ABUJA (Reuters) - Nigeria will recover $228 million of funds looted by former military dictator Sani Abacha, the finance ministry said on Thursday, after a 16-year battle to retrieve the stolen money from Liechtenstein.
For years, Abuja's efforts to get the money back had been stymied by a lawsuit from companies linked to Abacha's family, alleging infringement of their rights to a fair trial.
Nigeria's finance minister last year accused Liechtenstein of using legal challenges as a pretext to keep the money stolen by Abacha, who died in 1998.
The dictator stole as much as $5 billion of public money during his five years running Africa's top oil producer from 1993 to 1998, Transparency International says.
"We can confirm that Nigeria will on June 25, 2014, receive the sum of euro 167 million from the government of the Principality of Liechtenstein, part of looted funds recovered from the Abacha family," the ministry said in a statement.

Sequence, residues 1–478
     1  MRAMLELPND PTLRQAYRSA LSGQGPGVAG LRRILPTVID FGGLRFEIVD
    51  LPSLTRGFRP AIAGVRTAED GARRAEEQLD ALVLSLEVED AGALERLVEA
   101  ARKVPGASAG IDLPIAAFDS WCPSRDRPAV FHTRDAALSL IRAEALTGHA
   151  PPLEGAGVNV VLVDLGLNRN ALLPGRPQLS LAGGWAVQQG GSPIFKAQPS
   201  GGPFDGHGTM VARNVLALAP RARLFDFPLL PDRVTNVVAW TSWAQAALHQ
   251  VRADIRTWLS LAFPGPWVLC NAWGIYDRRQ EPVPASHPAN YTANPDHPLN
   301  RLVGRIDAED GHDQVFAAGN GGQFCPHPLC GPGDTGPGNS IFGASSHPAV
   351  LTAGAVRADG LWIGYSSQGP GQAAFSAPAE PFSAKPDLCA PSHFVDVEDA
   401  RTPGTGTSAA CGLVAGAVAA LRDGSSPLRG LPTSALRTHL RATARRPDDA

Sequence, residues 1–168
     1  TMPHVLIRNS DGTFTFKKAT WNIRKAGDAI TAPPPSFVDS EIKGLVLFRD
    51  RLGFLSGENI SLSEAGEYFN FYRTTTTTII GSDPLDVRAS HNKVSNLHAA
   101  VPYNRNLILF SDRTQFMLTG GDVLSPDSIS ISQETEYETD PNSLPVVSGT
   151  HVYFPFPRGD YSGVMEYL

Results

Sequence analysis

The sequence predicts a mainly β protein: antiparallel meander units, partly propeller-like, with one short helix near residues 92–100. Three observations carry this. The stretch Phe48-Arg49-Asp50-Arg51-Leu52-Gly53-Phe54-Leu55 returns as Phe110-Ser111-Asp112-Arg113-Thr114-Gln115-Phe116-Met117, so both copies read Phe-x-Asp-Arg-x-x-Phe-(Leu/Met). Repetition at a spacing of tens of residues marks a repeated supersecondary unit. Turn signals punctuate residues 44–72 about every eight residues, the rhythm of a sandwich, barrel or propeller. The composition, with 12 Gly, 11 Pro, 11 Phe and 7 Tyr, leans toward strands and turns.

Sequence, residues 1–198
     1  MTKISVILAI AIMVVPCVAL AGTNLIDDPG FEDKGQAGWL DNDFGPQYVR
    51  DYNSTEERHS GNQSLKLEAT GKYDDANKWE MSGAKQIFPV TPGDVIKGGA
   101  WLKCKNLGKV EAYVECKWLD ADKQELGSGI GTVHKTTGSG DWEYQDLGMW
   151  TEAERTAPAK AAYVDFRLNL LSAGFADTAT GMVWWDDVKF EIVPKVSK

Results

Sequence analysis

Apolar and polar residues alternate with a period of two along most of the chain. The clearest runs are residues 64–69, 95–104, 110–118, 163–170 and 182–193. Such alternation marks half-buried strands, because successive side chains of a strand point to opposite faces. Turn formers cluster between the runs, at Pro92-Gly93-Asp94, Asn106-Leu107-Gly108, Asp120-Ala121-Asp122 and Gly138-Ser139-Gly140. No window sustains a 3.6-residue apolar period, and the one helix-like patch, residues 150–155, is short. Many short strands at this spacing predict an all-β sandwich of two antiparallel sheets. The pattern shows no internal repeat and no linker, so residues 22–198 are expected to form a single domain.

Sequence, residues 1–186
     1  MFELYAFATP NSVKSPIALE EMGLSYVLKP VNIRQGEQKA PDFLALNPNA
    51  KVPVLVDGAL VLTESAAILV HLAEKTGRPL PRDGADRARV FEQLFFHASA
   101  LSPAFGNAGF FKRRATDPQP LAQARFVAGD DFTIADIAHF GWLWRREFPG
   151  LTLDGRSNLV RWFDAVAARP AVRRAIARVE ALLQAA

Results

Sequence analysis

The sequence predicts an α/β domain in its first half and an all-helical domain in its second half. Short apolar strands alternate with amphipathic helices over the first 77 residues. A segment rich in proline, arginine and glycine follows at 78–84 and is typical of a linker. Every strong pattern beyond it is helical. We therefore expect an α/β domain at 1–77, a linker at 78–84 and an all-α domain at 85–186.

The finance ministry had said it was seeking to repatriate 185 million euros ($252 million) of stolen funds. It was not immediately clear if it would repatriate 18 million later on.
Nigeria said it had dropped the case against the Abachas as part of a deal to recover the money and, in turn, the dictator's family agreed to drop its human rights suit.
Nigeria will invest the money in projects picked by a committee of ministers and monitored by the World Bank. Some of it will go into a fund on behalf of future generations.
Liechtenstein, with banking secrecy laws like its neighbor Switzerland, is seen as an attractive destination for wealth.
Nigeria had recovered about $1.3 billion of Abacha's money from various European jurisdictions as of last year, with more than a third of that from Switzerland.
Abacha also held money in countries including France, Britain and British offshore centers such as Jersey.
The United States in March said it had frozen more than $458 million of funds that Abacha and his conspirators obtained through corruption and hid in bank accounts around the world.
Writing by David Dolan; Editing by Louise Ireland